which, as in Aszataslos, is "equivocal".

71. Confining oneself to the four comers of the EAW, therefore, the EAW is equivocal, entitling the Court - according to the propositions enunciated in Aszataslos >- to examine "extrinsic evidence" ('y6) Only if the wording of the warrant is equivocal should the court consider examining extrinsic evidence to decide on the purpose of the warrant"), namely the statements made by the Prosecutor, Ms. Ny, who issued the warrant, that no decision has been yet taken as to whether to. prosecute Mr. Assange and that the EAW has been




issued for the purpose merely of questioning him further and of hearing "his side of the story".


72. Fourth, Mr. Assange would, in any event, argue that this is an "exceptional case". This case is entirely unlike those discussed in Azuislos, where expert evidence has been obtained in order to throw doubt on an otherwise clear situation of an accusation EA W. In this case, the Prosecutor herself has made clear, unequivocal public statements to the media and to the Australian High Commission to the effect that no decision has been yet taken as to whether to. prosecute Mr. Assange and that the EA W has been issued for the purpose merely of questioning him further. This is a highly unusual, if not unprecedented, state of affairs, and clearly an exceptional case enabling this Court to consider that evidence.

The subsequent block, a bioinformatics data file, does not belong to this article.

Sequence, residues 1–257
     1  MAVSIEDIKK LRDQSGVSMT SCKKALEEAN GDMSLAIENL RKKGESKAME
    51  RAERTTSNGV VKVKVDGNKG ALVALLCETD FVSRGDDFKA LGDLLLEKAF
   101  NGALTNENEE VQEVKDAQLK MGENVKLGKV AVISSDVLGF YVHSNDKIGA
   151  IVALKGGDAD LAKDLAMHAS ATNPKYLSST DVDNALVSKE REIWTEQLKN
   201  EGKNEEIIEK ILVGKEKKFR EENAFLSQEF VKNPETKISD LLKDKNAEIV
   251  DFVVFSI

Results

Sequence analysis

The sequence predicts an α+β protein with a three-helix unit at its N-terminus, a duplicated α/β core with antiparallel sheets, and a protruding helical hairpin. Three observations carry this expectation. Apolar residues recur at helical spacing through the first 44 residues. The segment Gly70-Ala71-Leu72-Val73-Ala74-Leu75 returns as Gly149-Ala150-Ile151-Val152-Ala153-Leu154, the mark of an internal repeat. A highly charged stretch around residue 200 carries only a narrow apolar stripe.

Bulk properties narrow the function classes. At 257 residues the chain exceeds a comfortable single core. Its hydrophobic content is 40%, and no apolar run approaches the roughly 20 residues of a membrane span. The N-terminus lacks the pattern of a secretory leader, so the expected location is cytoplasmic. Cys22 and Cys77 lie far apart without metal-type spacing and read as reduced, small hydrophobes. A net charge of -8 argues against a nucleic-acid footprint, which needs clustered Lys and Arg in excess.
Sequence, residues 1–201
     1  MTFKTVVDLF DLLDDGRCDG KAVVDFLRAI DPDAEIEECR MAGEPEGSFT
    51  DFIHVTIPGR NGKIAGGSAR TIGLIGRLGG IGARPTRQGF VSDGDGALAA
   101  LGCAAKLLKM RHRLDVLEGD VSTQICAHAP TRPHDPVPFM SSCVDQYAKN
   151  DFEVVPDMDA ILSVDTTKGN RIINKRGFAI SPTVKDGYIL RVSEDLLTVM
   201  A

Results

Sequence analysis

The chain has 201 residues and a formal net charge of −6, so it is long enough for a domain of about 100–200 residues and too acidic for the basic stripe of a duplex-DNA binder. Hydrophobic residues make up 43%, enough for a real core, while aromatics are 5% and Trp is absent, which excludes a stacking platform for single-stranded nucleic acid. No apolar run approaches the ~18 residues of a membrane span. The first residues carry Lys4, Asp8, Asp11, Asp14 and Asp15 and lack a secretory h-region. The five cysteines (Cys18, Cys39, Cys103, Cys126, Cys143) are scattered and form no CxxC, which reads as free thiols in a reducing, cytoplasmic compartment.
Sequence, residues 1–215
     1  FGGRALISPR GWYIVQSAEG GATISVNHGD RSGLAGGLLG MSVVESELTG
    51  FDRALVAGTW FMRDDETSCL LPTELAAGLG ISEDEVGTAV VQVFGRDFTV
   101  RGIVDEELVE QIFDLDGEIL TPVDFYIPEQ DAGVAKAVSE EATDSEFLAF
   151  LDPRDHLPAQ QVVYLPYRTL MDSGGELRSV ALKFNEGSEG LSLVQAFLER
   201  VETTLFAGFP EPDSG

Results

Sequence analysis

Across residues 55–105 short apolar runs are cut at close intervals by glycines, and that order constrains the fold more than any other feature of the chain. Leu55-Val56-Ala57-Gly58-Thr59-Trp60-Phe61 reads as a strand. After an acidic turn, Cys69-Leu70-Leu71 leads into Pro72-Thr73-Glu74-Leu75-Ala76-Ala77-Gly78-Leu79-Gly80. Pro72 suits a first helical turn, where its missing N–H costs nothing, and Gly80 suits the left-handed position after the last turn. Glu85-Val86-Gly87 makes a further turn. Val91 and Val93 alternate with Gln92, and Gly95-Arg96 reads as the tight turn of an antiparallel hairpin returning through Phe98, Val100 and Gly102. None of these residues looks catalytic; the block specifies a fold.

73. Accordingly, for the foregoing reasons, it is submitted that the EA W is equivocal as to the purposes for which Mr. Assange's extradition is sought and fails to comply with section 2(3) of the Act, and therefore the EAW is not a Part 1 warrant and the Court has no jurisdiction over him.

3. Additional limb of abuse of process: non-disclosure by the Swedish Prosecutor